Donald Trump recently took to Twitter to slam Chuck Jones, a union worker who accused the president-elect of lying about the recent Carrier deal and exaggerating the number of jobs that would be saved at a factory in Indiana. Trump's public criticism of the United Steelworkers Local 1999 president triggered a deluge of abusive calls and threats just half an hour after the tweets were posted, the Washington Post reports.

"Chuck Jones, who is president of United Steelworkers 1999, has done a terrible job representing workers. No wonder companies flee country," Trump wrote. "If United Steelworkers 1999 was any good, they would have kept those jobs in Indiana. Spend more time working - less time talking. Reduce dues."

"What kind of car do you drive," one caller reportedly said. "We're coming for you," said another.

Although Trump has used his Twitter account to criticise opponents in often controversial tweets in the past, his recent hostile tweets targeting a citizen could be found to be in violation of Twitter's anti-harassment rules.

According to Twitter's support page, users' "may not incite or engage in the targeted abuse or harassment of others". Accounts found violating these rules may be temporarily locked or permanently suspended.

However, the social media network does note that it will consider various factors when deciding whether to lock or ban the account including whether the purpose of the account is to send abusive messages to others, the reported abusive behaviour "is one-sided or includes threats" or if the account is "inciting others to harass another account".

Last month, the New York Times reported that Trump's campaign staffers took control of his Twitter account in an attempt to take away "a previously unfiltered channel for his aggressions" just days before Election Day. Shortly after his historic election win over Hillary Clinton on 8 November, Trump promised to be "very restrained" in his social media use as president.

However, Trump's Twitter account has continued to garner attention for its controversial tweets.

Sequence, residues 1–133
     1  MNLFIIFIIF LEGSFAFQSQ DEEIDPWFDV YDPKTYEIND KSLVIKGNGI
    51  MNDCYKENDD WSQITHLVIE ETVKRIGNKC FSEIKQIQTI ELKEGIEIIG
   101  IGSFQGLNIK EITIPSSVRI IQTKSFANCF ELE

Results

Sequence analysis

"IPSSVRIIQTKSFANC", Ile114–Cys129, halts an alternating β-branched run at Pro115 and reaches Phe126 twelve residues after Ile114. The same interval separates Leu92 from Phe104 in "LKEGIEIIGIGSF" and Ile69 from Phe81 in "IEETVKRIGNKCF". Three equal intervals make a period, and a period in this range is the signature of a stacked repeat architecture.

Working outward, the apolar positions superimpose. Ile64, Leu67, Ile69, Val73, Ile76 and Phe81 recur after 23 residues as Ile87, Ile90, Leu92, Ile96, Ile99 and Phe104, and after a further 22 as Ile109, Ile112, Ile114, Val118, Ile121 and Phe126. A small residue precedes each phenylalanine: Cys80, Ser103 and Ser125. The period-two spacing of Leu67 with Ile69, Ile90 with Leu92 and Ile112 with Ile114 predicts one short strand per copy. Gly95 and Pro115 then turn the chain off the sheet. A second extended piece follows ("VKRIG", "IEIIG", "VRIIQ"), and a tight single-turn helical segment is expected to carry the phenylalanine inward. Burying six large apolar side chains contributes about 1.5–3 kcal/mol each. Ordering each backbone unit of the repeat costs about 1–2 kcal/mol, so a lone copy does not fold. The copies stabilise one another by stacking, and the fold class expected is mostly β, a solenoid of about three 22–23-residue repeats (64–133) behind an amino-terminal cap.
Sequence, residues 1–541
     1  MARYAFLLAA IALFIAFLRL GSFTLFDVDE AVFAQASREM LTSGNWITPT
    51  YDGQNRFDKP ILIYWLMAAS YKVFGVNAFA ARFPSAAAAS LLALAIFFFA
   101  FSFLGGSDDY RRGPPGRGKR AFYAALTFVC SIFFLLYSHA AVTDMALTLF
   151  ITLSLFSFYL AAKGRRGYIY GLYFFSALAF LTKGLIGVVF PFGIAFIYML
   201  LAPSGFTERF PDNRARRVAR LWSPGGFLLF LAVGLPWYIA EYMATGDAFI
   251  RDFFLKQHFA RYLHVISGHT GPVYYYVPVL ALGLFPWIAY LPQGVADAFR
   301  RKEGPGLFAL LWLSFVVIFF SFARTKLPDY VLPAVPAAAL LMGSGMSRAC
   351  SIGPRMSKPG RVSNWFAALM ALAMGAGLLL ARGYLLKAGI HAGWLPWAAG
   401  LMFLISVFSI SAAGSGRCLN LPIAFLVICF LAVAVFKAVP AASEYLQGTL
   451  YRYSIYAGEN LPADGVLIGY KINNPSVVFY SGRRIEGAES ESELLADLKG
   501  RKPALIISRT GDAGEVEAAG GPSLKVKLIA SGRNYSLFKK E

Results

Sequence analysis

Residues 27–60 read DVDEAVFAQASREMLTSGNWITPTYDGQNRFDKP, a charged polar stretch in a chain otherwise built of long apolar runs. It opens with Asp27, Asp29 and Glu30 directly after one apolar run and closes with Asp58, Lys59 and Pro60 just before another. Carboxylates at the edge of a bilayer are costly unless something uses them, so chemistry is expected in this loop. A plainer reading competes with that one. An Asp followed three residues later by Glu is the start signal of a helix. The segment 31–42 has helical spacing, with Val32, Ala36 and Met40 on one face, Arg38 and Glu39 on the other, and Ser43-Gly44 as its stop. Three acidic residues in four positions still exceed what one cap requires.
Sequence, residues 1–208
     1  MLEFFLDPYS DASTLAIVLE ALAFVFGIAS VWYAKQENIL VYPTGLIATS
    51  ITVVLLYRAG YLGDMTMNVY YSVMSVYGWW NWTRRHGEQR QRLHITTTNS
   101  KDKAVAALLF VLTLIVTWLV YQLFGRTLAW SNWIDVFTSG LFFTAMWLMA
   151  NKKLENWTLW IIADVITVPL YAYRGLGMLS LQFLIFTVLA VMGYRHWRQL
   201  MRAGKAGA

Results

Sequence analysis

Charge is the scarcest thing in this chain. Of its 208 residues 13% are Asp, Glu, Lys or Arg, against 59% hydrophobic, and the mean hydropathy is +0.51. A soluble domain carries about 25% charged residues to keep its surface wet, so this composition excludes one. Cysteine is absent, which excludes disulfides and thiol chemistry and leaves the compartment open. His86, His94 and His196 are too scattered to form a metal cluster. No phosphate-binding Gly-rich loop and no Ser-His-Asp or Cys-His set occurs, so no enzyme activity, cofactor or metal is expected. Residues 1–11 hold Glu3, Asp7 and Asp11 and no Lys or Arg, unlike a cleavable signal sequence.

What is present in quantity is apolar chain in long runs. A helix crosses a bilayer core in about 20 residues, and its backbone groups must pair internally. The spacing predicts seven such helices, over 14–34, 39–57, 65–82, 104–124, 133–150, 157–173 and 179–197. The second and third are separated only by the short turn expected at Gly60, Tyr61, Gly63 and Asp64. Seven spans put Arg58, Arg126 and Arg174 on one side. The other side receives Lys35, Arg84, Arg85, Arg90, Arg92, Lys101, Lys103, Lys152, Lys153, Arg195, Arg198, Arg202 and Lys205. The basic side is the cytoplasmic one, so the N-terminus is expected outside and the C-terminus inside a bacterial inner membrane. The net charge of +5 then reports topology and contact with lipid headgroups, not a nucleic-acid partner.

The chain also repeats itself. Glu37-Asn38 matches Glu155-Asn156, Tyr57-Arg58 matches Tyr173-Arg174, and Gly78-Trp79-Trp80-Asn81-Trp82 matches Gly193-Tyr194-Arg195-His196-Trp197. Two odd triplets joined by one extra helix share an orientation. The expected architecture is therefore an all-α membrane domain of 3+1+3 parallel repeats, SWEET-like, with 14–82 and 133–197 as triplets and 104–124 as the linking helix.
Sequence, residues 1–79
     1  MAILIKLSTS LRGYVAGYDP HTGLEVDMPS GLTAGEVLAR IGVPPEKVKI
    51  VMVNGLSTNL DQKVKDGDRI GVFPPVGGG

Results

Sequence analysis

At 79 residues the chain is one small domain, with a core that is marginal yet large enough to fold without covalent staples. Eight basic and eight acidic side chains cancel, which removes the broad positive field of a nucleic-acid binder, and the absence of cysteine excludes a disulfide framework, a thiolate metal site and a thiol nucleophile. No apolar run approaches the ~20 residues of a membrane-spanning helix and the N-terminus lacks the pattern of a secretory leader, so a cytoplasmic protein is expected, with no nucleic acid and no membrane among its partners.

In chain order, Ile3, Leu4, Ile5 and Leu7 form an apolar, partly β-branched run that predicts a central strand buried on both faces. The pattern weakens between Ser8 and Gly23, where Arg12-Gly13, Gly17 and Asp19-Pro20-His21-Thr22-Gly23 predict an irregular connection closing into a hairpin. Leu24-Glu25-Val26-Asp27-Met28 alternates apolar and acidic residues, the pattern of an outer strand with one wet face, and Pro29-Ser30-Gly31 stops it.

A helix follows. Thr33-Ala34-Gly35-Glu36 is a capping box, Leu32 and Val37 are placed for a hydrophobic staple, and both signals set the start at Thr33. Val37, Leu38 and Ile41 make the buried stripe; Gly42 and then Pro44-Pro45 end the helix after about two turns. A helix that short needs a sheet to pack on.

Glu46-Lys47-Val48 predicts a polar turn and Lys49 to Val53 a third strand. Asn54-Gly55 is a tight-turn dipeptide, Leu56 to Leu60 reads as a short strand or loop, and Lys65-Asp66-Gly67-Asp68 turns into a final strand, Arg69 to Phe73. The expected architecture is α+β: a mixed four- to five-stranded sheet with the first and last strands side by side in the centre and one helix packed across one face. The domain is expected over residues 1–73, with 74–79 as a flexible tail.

Twitter recently said it would not rule out banning Trump if he violates its rules.

"The Twitter rules prohibit violent threats, harassment, hateful conduct, and multiple account abuse, and we will take action on accounts violating these policies," a spokesperson told Slate.

In response to an enquiry from Motherboard whether Twitter would ban Trump's account if he continues to target individuals, a company spokesperson said: "The Twitter rules apply to all accounts."

People have also called on Twitter to ban Trump from the platform. An online petition urges the platform to suspend his account arguing that he "crossed a line by attacking people on Twitter based on race, religion, gender and more".

"By locking or suspending Donald Trump's account, Twitter can send a powerful message that hate is not accepted or condoned on their platform," the petition reads. At the time of publication, the petition has garnered over 48,000 signatures and counting.

In recent months, Twitter has drawn sharp criticism and complaints from users arguing that the company needs to do more to combat harassment and abusive behaviour on its platform whilst still upholding freedom of speech.

In November, the company announced plans to upgrade some of its features to tackle online harassment and cyberbullying. Shortly after, the company suspended several high-profile Twitter accounts associated with the alt-right movement, including Richard Spencer, president and director of the white-nationalist National Policy Institute.

In July, Twitter permanently banned Milo Yiannopoulos, the infamous troll and conservative tech editor of right-wing American news site Breitbart News, accusing him of inciting his followers to target Ghostbusters actress Leslie Jones with hateful racial and sexist vitriol.

Twitter CEO Jack Dorsey recently said his feelings on Trump's Twitter are "complicated".